There are a number of pumping setup conditions that can result in a dangerous NPSH scenario. These conditions include:

  • Excessive suction-lift requirements
  • Long piping runs
  • Flow restrictions at the inlet, such as the presence of a piping elbow
  • • A clogged strainer
  • Partially closed valves that can restrict flow
  • Unnecessarily high flow velocities that are caused by undersized piping


An operator hears destructive cavitation as elevated noise levels during system operation. Vapor-bubble implosions within the pump will make it sound as if the pump is filled with bits of gravel.

If these cavitation-causing conditions are present and allowed to persist, damage to the pump and its components is almost certain to occur. Dynamic components are especially sensitive to cavitation. Specifically, the pump’s mechanical-seal faces will briefly separate as the implosions occur. The shock-wave pulsations create a condition known as “chattering,” which leads to premature wear and failure of mechanical seals. Additional failure should be expected in other wetted parts, such as bushings, impellers, back covers, volutes, casings, heads, gears, idlers and vanes.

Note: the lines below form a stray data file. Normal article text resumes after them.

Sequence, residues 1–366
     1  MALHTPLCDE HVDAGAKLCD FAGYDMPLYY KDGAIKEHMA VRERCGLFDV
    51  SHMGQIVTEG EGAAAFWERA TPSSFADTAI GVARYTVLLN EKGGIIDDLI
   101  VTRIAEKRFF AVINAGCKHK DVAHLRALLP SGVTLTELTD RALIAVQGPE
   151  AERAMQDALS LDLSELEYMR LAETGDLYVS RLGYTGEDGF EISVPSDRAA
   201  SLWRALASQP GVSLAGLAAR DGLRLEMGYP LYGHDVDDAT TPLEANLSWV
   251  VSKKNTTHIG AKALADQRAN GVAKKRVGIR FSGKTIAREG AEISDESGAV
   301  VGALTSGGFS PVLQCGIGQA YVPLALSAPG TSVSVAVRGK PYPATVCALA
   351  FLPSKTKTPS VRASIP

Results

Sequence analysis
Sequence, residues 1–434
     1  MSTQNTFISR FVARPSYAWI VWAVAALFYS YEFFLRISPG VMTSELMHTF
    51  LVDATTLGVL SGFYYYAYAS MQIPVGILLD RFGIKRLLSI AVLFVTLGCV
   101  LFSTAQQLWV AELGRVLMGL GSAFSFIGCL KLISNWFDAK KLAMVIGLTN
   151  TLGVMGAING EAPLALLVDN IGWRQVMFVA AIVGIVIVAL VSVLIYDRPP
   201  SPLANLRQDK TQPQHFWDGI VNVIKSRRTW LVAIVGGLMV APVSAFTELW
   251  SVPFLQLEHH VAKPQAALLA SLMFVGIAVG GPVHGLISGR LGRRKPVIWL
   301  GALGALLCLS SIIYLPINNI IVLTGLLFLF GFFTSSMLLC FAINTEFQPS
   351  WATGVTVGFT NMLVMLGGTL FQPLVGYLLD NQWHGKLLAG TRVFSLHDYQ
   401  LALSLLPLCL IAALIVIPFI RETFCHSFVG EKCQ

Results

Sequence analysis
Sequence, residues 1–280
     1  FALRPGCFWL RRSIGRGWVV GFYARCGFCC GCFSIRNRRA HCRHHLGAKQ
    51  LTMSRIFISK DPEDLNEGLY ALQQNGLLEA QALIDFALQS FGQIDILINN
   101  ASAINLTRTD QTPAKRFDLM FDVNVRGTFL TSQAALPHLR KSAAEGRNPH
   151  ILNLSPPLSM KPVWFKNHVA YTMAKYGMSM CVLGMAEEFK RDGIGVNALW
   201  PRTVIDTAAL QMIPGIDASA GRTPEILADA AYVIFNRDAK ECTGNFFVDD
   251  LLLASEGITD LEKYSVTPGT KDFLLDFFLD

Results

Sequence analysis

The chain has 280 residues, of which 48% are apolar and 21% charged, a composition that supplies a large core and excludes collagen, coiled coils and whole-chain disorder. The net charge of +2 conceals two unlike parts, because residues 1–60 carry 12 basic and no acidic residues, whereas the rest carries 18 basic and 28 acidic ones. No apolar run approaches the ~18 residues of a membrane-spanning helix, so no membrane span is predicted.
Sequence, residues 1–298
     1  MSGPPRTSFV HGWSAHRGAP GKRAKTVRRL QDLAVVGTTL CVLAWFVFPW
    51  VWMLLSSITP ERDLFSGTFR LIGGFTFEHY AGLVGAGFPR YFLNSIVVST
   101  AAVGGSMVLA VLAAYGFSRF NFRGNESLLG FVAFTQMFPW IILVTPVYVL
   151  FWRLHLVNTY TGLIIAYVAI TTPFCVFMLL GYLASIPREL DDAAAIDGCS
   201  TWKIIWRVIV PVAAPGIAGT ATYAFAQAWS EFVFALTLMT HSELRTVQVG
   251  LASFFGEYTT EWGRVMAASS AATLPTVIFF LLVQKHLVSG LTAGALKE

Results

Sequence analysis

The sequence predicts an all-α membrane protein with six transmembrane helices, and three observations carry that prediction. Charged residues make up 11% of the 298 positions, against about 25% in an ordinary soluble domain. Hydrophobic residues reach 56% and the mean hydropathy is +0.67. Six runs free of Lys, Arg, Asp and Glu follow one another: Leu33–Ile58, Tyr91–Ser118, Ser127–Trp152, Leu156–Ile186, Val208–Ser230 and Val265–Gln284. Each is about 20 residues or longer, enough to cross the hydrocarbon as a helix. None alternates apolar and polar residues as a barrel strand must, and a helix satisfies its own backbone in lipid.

While we know that cavitation can be minimized by optimal system design, system engineers should familiarize themselves with a technology that is well-suited for continuous cavitation service. Such technology would minimize or eliminate the destructive effects of cavitation and provide better performance and long pump life.


The Solution
As mentioned, the key to eliminating pump cavitation and its harmful side effects is to eliminate vapor. No vapor means no cavitation. Alternately, system engineers can set operational parameters in such a way that the NPSHa (budget) will always meet the NPSHr (consumption). However, most systems require a bulletproof solution designed for the worst conditions – a one-of-a-kind technology designed for unforgiving physical constraints and inevitable vapor formation.